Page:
IANS & Staff Reporter
New Delhi/ Guwahati, June 10: As the well-planned and surgical strike against terror camps across the India-Myanmar border sent a clear message that New Delhi will not tolerate the scourge, highly placed sources said on Wednesday that more such operations could be mounted in future if the situation warrants.
“More such attacks may take place if there are intelligence inputs of a threat (of the kind of attack June 4 in Manipur that claimed the lives of 18 Indian Army soldiers and injured many more). The forces are always ready for such operations,” a senior officer told IANS on condition of anonymity as he was not authorised to speak to the media.
The army got on to collecting intelligence soon after the ambush on June 4.
According to sources, clearance for the operations came from the “highest level” and Army Chief Gen Daalbir Singh postponed a visit to Britain while tiol Security Adviser Ajit Doval cancelled plans to go to Bangladesh with the prime minister.
According to sources, elements of 21 Para (SF) of the Parachute Regiment that carried out the strike on Tuesday did not suffer any losses but caused “significant casualties” among the terrorists.
Officially, the army has not released figures for militants killed in the attack but these are estimated to be between 15 and 25.
Sources said the camps that were attacked were a few kilometers inside Myanmar border, but refused to me the exact location.
The paratroopers were flown to the target in the indigenous Dhruv advanced light helicopters.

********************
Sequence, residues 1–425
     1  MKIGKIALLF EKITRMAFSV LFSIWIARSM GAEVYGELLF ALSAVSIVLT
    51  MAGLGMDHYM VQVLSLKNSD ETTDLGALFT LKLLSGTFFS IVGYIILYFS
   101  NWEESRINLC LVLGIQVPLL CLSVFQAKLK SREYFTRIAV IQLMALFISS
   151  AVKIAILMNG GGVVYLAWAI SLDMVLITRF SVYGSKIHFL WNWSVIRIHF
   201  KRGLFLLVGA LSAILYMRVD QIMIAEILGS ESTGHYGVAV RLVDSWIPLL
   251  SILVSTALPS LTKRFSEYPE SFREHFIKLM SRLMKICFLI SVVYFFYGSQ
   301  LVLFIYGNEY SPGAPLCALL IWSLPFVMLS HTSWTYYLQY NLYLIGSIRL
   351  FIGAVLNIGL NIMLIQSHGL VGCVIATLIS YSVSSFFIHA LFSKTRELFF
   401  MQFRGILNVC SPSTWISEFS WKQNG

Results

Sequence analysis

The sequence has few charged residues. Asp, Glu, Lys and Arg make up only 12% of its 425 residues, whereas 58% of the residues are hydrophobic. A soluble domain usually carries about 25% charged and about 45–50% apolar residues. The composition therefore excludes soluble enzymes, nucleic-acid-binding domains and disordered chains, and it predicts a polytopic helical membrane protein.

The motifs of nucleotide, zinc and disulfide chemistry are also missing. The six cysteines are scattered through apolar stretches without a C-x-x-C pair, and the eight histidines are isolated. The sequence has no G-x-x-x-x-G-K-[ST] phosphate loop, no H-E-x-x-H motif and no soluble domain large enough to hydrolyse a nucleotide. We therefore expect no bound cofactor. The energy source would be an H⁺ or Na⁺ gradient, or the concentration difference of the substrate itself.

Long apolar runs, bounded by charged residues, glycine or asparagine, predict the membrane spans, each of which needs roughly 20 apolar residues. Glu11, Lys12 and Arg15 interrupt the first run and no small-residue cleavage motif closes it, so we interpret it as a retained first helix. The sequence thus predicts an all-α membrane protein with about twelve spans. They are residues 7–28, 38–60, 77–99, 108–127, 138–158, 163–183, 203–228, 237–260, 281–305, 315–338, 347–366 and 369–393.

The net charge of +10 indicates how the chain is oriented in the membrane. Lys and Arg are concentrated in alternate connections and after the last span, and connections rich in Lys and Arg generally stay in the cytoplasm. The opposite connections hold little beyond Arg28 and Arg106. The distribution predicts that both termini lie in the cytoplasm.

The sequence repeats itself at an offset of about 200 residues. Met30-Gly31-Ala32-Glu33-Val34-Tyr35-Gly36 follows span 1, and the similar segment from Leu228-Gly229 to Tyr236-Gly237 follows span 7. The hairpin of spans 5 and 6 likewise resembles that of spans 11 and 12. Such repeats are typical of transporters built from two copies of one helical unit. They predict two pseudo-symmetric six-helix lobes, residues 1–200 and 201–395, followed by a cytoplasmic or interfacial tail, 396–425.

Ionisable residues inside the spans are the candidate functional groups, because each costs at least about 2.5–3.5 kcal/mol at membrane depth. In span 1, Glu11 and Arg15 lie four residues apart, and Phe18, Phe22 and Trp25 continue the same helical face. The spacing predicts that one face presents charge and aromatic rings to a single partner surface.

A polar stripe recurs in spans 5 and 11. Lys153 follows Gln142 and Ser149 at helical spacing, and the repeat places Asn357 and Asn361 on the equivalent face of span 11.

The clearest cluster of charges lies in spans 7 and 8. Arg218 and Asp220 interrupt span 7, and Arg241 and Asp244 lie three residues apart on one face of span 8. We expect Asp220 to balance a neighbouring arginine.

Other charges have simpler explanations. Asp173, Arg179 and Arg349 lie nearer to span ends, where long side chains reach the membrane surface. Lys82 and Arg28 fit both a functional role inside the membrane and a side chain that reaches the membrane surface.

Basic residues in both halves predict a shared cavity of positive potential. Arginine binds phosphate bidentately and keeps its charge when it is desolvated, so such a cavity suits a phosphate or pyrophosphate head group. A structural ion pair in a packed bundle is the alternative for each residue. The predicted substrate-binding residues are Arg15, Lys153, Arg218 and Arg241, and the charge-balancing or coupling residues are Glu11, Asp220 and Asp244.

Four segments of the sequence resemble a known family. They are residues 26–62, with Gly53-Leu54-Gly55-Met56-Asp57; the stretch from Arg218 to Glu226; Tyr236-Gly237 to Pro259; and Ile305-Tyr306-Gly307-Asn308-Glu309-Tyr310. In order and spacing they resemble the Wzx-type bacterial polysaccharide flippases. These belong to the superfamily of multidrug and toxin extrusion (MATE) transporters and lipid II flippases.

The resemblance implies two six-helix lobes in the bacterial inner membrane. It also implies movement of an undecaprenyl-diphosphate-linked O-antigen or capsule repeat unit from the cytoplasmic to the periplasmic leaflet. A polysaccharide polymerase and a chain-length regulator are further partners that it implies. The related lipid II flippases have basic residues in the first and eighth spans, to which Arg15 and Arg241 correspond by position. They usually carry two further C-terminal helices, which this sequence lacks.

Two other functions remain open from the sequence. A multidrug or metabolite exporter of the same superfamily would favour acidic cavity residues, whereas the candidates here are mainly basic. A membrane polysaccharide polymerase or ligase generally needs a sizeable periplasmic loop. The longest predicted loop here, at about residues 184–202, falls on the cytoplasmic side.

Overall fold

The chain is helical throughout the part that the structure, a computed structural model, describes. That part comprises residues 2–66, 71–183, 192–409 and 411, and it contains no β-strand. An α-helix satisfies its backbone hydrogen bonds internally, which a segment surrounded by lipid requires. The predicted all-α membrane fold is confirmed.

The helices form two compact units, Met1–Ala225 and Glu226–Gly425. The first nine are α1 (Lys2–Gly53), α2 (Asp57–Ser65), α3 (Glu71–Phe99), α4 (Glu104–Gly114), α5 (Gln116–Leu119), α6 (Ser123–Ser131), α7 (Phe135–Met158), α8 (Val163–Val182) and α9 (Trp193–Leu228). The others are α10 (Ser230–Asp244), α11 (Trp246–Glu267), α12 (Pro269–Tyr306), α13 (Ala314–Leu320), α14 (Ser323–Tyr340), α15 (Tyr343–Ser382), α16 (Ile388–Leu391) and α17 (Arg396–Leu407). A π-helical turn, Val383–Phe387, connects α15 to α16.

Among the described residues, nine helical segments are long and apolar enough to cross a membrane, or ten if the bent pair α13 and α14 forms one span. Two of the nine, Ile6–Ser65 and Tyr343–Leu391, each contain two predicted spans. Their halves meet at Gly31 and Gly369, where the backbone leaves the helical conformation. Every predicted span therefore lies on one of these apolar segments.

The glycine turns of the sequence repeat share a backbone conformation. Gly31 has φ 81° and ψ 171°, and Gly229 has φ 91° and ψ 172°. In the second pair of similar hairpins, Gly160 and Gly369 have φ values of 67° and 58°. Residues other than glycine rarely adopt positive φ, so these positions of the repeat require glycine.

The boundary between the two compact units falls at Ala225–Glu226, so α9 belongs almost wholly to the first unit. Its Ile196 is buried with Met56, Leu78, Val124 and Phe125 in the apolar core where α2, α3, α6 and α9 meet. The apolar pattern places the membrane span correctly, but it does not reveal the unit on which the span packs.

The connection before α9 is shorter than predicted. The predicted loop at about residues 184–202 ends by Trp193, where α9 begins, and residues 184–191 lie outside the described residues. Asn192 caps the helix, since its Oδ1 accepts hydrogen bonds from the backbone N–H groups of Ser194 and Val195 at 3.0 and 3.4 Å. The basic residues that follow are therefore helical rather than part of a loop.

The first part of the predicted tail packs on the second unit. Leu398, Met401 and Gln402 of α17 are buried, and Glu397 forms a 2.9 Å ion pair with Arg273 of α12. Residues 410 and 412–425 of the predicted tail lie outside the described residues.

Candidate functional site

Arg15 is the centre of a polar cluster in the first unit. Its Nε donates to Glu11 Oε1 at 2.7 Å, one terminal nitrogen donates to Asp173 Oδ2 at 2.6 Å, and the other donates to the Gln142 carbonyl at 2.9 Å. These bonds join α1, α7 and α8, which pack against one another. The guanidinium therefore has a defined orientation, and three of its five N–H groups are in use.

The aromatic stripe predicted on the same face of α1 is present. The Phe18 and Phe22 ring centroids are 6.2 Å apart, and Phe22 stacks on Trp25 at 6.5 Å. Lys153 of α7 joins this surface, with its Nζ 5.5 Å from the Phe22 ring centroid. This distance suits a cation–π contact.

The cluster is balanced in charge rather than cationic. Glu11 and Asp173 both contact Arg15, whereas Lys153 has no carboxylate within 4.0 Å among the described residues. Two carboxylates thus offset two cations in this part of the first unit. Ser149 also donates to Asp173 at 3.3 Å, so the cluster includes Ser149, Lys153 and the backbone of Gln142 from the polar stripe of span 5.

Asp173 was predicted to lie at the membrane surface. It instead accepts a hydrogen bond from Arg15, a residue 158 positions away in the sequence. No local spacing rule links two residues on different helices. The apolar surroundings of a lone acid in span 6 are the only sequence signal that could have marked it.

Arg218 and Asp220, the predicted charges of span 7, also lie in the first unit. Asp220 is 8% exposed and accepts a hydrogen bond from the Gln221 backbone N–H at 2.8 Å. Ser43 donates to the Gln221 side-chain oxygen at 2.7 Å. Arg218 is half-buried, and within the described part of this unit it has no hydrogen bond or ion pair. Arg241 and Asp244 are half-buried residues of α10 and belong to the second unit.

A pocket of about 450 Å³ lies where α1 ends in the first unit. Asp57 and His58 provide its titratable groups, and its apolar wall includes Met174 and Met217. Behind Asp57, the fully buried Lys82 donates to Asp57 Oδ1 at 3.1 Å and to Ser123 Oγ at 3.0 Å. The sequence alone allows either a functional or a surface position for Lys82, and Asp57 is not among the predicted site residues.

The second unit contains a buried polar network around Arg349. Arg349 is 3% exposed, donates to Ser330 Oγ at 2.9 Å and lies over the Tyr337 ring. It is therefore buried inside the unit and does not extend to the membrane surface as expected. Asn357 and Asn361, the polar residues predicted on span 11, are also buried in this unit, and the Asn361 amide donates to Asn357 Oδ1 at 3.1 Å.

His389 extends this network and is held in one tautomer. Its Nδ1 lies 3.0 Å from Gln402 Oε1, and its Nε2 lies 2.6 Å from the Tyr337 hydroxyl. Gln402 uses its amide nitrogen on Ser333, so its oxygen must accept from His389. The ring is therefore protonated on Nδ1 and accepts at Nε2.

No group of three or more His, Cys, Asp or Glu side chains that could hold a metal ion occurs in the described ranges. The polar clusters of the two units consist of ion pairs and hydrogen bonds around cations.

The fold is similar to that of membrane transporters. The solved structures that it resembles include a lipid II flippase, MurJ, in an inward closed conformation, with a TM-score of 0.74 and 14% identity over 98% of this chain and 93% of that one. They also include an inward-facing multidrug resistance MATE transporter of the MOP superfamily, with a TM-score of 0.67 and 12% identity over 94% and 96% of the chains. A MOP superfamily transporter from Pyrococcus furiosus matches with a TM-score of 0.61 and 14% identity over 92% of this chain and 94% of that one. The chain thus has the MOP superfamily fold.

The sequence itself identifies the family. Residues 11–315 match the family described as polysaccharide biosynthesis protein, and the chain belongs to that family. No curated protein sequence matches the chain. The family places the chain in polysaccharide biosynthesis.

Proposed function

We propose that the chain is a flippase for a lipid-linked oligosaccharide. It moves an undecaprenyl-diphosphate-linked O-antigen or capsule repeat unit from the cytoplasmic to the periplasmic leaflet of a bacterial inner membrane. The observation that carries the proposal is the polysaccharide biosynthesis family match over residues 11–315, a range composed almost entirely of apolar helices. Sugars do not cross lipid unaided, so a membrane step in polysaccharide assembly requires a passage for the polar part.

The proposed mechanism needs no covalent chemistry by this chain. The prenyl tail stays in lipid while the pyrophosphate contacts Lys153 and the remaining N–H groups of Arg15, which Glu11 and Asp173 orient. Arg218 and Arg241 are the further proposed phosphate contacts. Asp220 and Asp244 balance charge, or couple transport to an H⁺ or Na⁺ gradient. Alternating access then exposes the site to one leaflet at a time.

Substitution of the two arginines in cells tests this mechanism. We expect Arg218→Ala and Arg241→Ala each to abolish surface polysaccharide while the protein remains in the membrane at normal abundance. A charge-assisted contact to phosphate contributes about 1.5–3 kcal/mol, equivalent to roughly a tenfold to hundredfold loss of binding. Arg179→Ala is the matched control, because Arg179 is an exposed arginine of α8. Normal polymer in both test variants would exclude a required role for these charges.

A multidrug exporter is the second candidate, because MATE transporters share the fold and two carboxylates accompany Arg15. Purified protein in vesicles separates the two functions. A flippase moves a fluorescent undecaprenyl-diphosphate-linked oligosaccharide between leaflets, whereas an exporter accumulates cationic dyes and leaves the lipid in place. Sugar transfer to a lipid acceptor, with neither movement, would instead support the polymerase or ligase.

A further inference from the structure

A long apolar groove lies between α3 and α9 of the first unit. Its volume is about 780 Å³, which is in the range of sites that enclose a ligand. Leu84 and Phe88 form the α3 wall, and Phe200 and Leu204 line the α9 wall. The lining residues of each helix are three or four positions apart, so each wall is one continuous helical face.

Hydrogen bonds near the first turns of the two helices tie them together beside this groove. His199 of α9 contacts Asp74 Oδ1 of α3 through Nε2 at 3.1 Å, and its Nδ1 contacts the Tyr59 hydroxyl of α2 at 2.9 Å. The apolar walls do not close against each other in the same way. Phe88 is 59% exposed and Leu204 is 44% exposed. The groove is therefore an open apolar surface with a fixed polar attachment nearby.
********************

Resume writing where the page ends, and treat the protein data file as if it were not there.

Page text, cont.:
Additiol Director General of Military Operations Maj. Gen. Ranbir Singh had said on Tuesday that the Myanmarese authorities were taken into confidence ahead of the attack.
The operation, done with surgical precision, lasted around 30 minutes each, say sources and took place between 1 a.m. to 4 a.m. on Tuesday while the surgical strike was completed within 30 minutes.
Minister of State for Defence Rao Inderjit Singh, however, said there was no “hot pursuit” in the military operation against militants along the India-Myanmar border and it was done with the consent of Myanmar authorities.
“We did not use hot pursuit. We contacted Burma (Myanmar) authorities before the attack,” Rao Inderjit said here.
The comment comes a day after his colleague Rajyavardhan Singh Rathore said Prime Minister rendra Modi ordered the “hot pursuit”.
Minister of State for Home Affairs Kiren Rijiju, meanwhile, said the issue should not be discussed in detail. Environment Minister Prakash Javadekar said it was a message to all terrorists.
The Indian army’s aggressive attack on militant camps in Myanmarese territory is not the first such anywhere but is unmatched in its scale, experts have said.
“This is not the first time India launched such an attack, but it has never been on this scale,” strategic expert Brigadier SK Chatterji (retd) told IANS.
“There have been operations in Bhutan, and even along the LoC,” he said.
Meanwhile, in a press statement, the NSCN(K) said, “This desperate bogus operation never happened.”
Relations between the militant groups and the neighbouring tions have flourished in the recent years with NSCN-K signing a pact with the Myanmar government that paved the way for autonomy to the NSCN-K in Sagaing - a northwestern administrative region of Myanmar.
Khaplang, who is by birth a Burmese ga had abrogated the 15-year-old ceasefire with the Indian government in March this year. The government does not hold peace negotiations with him or his militant group because of his origin and the fact that NSCN-K camps have been set up in Myanmar.